[build2] Forcibly using new revision

Boris Kolpackov boris at codesynthesis.com
Tue Oct 9 13:45:41 UTC 2018

Per Edin <per.edin at sequence-point.se> writes:

> I created a build2 wrapper library for libasio*, similar to how it's done
> for libpq. I tagged the first release as v1.12.0 but didn't realize until
> later when I tried to use the library that it's an error to exclude
> "license:" from manifest.
> Hence I added "license:" to manifest and bumped the version numebr, tagged
> that commit as v1.12.0+1 and updated the manifest of my program using
> libasio to use v1.12.0+1 explicitly in its manifest file.

This should generally work. However:

> But no luck. I can't get bdep to check out the new tag. It still
> attempts to checkout v1.12.0 and bails with the message "error:
> no project license specified".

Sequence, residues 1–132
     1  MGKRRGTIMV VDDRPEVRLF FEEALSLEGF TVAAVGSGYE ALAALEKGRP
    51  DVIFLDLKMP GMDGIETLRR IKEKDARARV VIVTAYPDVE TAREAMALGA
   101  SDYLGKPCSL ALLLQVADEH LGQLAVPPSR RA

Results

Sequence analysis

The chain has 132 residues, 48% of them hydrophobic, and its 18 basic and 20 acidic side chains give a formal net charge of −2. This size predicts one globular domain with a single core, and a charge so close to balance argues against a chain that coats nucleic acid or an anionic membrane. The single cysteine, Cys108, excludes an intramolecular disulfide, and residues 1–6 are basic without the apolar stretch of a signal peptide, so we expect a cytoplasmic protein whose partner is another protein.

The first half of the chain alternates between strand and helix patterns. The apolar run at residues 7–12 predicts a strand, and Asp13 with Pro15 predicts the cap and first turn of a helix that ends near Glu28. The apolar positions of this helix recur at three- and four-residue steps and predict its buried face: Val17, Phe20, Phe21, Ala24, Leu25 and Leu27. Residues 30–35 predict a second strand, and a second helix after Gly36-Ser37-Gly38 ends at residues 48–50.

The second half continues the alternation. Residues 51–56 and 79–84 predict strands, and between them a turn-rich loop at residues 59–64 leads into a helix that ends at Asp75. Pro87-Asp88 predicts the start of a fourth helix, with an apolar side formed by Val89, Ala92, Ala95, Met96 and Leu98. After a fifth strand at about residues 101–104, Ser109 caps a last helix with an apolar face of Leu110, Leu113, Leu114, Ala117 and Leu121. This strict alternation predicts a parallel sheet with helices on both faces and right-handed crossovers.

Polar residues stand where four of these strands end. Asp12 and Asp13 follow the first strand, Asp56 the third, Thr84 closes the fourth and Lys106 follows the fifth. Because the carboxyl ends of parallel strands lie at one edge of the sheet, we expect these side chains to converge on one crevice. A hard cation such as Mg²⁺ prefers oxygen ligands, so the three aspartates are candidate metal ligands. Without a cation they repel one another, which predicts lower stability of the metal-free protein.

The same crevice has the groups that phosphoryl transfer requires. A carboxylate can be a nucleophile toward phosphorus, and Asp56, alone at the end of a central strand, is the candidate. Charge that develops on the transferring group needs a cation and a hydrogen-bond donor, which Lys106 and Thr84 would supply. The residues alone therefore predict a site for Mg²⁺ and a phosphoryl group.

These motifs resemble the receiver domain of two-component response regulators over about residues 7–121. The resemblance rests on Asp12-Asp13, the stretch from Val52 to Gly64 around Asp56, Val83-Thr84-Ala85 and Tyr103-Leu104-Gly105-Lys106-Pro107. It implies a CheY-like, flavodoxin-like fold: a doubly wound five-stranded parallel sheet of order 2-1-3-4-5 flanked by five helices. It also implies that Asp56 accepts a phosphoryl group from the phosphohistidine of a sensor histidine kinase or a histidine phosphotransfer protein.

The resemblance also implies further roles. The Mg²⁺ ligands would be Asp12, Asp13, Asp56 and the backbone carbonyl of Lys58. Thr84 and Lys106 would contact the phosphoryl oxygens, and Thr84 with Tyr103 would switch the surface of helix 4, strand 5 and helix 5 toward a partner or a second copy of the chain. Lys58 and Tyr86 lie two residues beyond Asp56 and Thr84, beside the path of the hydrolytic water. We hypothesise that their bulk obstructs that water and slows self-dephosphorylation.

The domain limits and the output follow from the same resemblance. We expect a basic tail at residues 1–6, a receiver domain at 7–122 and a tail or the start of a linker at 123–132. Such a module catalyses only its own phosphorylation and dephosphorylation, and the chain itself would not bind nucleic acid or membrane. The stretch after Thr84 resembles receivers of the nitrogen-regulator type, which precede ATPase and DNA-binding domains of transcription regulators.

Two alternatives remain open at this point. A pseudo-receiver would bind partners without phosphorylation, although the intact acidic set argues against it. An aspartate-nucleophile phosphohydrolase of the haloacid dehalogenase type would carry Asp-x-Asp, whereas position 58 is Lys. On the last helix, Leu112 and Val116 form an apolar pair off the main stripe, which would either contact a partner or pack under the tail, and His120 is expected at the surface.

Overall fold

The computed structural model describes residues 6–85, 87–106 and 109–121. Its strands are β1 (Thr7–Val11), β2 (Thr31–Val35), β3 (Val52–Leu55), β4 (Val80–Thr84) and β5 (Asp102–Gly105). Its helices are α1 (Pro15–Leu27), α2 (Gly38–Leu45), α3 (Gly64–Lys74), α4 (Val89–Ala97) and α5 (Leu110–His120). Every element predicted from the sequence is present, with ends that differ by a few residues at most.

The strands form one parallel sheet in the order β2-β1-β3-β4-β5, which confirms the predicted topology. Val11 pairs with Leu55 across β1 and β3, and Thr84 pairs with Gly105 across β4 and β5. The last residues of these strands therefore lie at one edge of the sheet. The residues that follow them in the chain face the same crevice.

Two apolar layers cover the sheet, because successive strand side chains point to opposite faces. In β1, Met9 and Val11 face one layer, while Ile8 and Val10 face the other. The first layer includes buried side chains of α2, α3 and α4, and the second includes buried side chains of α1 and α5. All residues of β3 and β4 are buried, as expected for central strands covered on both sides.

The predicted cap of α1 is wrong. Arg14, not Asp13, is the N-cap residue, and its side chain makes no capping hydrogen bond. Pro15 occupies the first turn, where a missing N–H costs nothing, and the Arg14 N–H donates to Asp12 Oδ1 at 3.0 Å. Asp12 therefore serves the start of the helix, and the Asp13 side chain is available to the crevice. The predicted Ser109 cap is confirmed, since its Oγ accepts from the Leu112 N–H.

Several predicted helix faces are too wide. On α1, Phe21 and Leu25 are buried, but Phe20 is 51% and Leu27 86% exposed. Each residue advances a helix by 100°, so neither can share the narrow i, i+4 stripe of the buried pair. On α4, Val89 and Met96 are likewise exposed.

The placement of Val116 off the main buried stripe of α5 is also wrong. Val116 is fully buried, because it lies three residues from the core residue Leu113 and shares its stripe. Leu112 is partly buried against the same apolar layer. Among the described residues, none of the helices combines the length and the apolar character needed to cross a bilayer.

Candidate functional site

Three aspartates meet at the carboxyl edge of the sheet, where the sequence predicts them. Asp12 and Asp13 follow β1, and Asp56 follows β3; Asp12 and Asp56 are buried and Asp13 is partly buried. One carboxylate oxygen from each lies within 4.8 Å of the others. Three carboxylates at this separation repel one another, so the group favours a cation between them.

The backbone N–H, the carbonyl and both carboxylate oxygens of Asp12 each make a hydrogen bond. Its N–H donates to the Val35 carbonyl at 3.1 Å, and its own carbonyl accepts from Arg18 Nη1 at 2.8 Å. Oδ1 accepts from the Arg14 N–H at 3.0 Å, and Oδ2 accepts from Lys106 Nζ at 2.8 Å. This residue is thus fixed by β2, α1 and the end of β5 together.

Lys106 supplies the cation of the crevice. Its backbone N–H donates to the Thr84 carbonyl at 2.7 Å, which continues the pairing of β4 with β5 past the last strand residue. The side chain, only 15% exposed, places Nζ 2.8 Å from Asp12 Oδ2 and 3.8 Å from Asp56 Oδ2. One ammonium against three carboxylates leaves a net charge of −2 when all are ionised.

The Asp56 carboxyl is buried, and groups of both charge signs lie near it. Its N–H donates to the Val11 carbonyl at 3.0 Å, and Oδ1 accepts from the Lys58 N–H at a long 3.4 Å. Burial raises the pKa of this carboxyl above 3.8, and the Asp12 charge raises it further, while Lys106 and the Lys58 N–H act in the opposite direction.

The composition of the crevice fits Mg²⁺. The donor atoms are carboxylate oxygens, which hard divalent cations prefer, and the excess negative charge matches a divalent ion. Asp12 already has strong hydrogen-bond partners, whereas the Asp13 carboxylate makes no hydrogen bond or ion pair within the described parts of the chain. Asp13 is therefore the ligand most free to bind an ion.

What happens here is bpkg tries to examine the v1.12.0 tag as a
package (because it is part of the default set) and fails to parse
its manifest. Here is an illustration:

$ bpkg rep-info https://github.com/sequence-point/extpack-libasio.git
/tmp/bpkg-17003-0/64908ae64371/manifest:7:1: error: no project license specified
  info: package in repository https://github.com/sequence-point/extpack-libasio.git tags/v1.12.0

In other words, if v1.12.0 were a valid package, you would have
gotten the expected behavior.

The way I would resolve this is by deleting the v1.12.0 tag (since
it is not usable anyway).

In fact, I would probably go further and change the v1.12.0 tag
to point to the v1.12.0+1 commit. Since a +N package is always
assumed to be "better", I don't see a reason to keep the previous
tag. But some might feel this is going a bit too far.

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